Winter in Canada

Kind of says it all in Ontario…

Cold enough for you?

***Why I Love Ontario[FONT=Times New Roman] … but could apply to any cold local ***[/FONT][FONT=Times New Roman]It’s winter in Ontario [/FONT][FONT=Times New Roman]And the gentle breezes blow, [/FONT]
[FONT=Times New Roman]70 miles per hour at 52 below![/FONT]
[FONT=Times New Roman]Oh, how I love Ontario[/FONT]
[FONT=Times New Roman]When the snow’s up to your butt. [/FONT][FONT=Times New Roman]You take a breath of winter air [/FONT][FONT=Times New Roman]And your nose is frozen shut. [/FONT][FONT=Times New Roman]Yes, the weather here is wonderful,I gu[/FONT][FONT=Times New Roman]ess I’ll hang around. [/FONT][FONT=Times New Roman]I could never leave Ontario,[/FONT][FONT=Times New Roman]'Cause I’m frozen to the ground.[/FONT]
**The real Ontario Driver’s Handbook **anyone who has commuted or even just driven on the 401 through Toronto , the 2007 version of the Ontario Driver’s Handbook has beenrewritten to include the following guidance:

  1. Turn signals will give away your next move. A confident Ontariodriver avoids using them.

  2. Under no circumstance should you maintain a safe distance between you and the car in front of you; the space will just be filled in bysomebody else, putting you in an even more dangerous situation.

  3. The faster you drive through a red light, the less of a chance youhave of getting hit.

  4. Warning! Never come to a complete stop at a stop sign. No-one expects it and it will result in you being rear-ended

  5. Never get in the way of an older car that needs extensive bodywork,especially with P.Q. or Maritime plates. With no fault insurance, theother operator has nothing to lose.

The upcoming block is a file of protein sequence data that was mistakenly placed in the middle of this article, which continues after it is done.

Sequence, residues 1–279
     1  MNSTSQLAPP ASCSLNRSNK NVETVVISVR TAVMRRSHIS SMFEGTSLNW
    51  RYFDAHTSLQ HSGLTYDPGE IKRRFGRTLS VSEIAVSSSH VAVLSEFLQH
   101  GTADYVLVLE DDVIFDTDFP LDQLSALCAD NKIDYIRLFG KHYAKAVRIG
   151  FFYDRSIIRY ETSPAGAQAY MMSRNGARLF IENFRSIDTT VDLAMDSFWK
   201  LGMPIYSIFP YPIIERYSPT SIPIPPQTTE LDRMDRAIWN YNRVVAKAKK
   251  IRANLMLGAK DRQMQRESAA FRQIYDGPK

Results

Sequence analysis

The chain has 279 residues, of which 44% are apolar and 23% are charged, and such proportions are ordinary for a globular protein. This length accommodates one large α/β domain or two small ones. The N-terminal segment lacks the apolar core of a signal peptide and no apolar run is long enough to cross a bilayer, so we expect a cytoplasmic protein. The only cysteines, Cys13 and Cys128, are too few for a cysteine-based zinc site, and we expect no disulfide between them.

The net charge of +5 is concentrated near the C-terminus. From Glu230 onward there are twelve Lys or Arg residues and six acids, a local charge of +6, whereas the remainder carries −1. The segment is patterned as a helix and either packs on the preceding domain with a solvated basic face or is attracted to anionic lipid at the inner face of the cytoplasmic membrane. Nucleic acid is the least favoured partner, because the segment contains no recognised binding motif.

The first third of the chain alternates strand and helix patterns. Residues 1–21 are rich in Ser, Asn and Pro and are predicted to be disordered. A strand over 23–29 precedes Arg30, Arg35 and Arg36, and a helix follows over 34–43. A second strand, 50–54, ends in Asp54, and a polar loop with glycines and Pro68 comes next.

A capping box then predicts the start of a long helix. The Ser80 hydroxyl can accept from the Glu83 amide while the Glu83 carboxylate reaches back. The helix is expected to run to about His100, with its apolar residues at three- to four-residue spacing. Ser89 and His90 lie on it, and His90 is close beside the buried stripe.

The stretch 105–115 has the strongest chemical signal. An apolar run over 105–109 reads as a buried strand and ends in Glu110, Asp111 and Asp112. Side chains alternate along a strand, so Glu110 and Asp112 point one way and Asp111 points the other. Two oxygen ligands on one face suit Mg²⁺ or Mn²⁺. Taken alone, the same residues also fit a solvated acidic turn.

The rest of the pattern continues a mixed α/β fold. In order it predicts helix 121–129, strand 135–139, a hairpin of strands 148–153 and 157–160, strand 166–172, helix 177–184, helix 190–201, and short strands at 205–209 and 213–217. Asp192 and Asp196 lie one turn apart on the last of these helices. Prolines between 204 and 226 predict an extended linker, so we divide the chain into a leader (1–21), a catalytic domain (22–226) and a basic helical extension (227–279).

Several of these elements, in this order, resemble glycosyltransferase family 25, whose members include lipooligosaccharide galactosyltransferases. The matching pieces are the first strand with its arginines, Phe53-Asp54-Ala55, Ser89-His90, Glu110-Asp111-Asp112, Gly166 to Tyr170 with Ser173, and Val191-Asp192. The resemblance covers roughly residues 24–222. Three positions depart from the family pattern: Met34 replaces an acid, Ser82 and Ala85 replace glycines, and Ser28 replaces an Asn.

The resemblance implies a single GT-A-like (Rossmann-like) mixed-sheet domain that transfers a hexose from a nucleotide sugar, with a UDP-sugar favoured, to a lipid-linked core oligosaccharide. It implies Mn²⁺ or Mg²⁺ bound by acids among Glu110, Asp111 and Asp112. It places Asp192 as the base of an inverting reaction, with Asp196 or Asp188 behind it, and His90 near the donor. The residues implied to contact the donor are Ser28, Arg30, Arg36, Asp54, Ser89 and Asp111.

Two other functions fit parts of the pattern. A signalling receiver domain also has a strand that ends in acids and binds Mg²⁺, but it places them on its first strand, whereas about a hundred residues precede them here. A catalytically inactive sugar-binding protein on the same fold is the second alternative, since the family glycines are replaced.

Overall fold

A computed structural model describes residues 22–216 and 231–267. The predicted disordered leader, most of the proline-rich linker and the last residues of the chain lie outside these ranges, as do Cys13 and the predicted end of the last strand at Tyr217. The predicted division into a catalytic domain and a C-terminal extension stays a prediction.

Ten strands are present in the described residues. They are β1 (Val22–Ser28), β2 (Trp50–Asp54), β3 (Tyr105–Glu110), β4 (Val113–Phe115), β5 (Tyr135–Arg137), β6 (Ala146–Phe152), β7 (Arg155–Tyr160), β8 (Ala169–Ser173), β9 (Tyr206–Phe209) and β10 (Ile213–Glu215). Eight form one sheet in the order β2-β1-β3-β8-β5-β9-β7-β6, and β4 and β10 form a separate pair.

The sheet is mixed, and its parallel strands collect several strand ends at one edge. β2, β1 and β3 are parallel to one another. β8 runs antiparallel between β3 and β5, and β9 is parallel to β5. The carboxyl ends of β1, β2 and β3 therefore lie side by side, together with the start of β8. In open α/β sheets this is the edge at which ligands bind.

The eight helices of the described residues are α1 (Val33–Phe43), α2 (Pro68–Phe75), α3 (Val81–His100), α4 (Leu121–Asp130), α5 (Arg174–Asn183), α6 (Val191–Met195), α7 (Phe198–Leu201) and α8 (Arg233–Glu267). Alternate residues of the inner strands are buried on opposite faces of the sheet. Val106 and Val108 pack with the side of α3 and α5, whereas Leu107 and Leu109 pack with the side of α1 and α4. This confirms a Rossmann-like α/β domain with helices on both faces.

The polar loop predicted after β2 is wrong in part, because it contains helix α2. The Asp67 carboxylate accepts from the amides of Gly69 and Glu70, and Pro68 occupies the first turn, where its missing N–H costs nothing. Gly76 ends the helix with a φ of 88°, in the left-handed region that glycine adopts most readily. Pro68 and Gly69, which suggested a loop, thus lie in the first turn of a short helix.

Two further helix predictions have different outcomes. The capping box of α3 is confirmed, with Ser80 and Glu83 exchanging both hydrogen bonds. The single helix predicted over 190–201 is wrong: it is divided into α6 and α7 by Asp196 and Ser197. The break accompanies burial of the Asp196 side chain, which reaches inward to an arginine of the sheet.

6. Braking is to be done as hard and late as possible to ensure that your ABS kicks in, giving a vigorous foot massage as the brake pedalviolently pulsates. For those of you without ABS, it’s a chance to strengthen your leg muscles.

  7. Never pass on the left when you can pass on the right. It’s a goodway to prepare other drivers entering the highway.

  8. Speed limits are arbitrary figures; they are given only as asuggestion and are not enforceable in Ontario during rush hour, especially in the G.T.A…

  9. Just because you’re in the left lane and have no room to speed up ormove over doesn’t mean that an Ontario driver flashing his high beamsbehind you doesn’t think he can go faster in your spot

  10. Always brake and rubberneck when you see an accident or even someonechanging a tire. This is seen as a sign of respect for the victim.

  11. Learn to swerve abruptly without signalling. Ontario is the home ofhigh-speed slalom-driving, thanks to the Department of Public Works, which puts pot-holes in key locations to test drivers’ reflexes and keepthem alert]

  12. It is tradition in Ontario to honk your horn at cars in front of you that do not move within three milliseconds of the light turning green. 13. To avoid injury in the event of a collision or roll-over, it is important to exit your vehicle through the windshield right away.Wearing your seat belt will only impede your hi-velocity escape from danger.

  13. Remember that the goal of every Ontario driver is to get ahead ofthe pack by whatever means necessary.
    ]**THANK YOU **The Ontario Registrar of Motor Vehicles

Same applys to Alberta.